Hi John, I'll add some general comments as others have already provide quite a few responses.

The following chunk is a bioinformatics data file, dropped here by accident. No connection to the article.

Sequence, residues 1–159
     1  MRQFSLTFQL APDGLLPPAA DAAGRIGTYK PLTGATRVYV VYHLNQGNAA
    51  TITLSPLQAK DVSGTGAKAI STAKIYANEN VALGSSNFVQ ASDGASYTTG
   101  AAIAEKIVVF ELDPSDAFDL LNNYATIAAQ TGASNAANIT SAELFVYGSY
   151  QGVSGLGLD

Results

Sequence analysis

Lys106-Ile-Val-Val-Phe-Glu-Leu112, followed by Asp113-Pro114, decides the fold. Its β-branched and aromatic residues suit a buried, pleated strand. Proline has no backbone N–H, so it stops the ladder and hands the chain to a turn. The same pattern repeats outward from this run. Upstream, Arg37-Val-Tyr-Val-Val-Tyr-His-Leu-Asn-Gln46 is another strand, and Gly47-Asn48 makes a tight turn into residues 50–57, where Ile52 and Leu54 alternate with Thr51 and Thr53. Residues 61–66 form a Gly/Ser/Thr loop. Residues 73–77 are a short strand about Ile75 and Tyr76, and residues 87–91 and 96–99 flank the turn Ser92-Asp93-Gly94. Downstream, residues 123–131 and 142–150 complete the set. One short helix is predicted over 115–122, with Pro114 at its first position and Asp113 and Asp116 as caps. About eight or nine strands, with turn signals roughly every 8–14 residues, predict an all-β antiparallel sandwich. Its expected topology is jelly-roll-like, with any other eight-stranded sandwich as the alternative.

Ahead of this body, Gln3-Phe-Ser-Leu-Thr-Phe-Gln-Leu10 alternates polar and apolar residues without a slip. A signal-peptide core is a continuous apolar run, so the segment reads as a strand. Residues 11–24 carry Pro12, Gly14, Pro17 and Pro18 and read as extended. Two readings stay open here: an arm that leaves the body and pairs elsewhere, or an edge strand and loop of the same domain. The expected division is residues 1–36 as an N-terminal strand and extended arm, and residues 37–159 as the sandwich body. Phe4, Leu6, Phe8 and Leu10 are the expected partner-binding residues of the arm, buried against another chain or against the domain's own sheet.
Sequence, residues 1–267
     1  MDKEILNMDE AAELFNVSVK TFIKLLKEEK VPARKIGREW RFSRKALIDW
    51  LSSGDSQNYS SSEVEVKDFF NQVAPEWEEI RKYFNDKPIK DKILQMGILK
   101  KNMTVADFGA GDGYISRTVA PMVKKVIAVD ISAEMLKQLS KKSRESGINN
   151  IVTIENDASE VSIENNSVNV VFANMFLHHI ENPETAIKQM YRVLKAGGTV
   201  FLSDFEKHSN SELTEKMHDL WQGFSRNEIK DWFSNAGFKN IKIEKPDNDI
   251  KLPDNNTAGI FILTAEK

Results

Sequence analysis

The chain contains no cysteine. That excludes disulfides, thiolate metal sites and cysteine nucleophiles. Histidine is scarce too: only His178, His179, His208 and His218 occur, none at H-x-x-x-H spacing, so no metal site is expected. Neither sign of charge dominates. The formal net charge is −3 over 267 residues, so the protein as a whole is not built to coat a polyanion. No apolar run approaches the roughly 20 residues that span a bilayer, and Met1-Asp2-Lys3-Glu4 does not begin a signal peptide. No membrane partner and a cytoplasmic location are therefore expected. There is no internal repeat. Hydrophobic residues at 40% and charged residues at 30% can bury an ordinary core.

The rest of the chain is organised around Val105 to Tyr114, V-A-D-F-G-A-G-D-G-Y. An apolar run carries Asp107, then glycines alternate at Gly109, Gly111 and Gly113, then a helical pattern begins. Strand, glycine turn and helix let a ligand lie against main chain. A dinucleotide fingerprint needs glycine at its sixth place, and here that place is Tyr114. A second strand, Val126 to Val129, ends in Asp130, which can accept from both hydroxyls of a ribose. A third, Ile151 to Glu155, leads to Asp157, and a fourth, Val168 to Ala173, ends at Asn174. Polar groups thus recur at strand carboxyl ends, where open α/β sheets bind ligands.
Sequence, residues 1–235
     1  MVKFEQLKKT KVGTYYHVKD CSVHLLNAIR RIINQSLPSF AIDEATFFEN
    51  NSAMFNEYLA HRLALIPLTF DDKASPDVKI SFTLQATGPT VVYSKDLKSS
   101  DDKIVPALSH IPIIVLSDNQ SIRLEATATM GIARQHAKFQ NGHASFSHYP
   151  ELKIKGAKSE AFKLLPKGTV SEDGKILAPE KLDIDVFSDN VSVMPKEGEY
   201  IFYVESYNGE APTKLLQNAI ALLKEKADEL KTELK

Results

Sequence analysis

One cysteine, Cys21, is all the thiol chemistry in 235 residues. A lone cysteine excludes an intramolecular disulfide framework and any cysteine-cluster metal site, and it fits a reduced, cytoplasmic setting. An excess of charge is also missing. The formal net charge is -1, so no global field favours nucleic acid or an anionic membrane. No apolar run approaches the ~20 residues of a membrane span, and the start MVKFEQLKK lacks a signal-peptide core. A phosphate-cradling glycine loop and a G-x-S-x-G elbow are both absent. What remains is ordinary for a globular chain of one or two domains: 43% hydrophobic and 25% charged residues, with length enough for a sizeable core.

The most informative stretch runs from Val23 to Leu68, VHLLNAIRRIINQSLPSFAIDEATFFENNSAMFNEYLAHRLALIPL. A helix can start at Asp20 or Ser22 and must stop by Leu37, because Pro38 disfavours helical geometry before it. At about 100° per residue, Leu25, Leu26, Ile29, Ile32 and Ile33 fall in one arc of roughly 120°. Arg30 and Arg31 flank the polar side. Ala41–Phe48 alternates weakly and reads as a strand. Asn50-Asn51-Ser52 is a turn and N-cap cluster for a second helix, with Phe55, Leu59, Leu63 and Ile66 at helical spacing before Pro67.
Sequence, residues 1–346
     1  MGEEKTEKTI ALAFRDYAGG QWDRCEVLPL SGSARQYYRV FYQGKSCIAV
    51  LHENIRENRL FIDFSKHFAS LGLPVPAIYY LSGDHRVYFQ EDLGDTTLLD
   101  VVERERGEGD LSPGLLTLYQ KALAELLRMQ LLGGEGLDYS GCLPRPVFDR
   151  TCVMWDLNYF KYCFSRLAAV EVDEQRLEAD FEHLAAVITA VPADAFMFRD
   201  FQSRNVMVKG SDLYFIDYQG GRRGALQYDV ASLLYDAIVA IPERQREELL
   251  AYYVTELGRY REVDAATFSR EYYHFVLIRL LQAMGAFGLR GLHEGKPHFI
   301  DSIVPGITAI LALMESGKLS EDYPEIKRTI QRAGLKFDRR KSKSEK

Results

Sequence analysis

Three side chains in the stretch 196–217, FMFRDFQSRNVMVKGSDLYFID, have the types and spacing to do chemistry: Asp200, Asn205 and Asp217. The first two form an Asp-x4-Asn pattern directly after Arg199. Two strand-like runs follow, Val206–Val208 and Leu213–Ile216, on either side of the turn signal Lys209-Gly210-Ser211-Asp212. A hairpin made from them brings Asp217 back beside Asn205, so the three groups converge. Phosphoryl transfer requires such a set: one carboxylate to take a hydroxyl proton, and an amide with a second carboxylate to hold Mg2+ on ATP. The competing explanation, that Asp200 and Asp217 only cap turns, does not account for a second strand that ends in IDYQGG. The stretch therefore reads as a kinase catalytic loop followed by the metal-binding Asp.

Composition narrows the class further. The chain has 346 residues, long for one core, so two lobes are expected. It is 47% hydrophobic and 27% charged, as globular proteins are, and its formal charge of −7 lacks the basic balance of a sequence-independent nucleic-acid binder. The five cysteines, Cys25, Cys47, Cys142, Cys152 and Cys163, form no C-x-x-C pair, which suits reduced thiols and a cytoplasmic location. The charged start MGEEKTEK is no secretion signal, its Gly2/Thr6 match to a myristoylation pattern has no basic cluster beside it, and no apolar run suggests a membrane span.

In OpenGL when you create a texture object you first have the memory for the imagery in the applications main memory, when you (via osg::Texture2D) pass that image data to OpenGL fifo, then afterwards the the driver takes the data from the fifo and creates an internal representation of that data that is suitable for passing directly to the graphics hardware. This representation may have different pixel format depending upon the hardware and the texture settings you used, and also may create mipmaps for you. Finally when the actual texture is needed on the GPU it'll be copied to local memory on the graphics card. The result of this pipeline is several copies of your data, it's not a bug, but just the way that OpenGL/hardware manages things. The Texture::setUnRefImageAfterApply(true) usage tells the OSG to unref the image after the data has been passed into the OpenGL fifo, and as long as no other references are kept to the osg::Image this data will be deleted so getting rid of one copy of the data which is why it helps. Another aspect to take into account is that files on disk that are compressed in .jpeg etc. are all much smaller than they are once they are loaded into memory. However, if you use an OpenGL compressed format such as S3TC then it'll be stored in a format that you can pass directly to OpenGL without any unpacking, here the memory usage will be consistent from disk to OSG memory to driver memory and to the GPU memory, with a caveat that if you generate mipmaps at runtime this will increase the footprint by around 40%. Robert.
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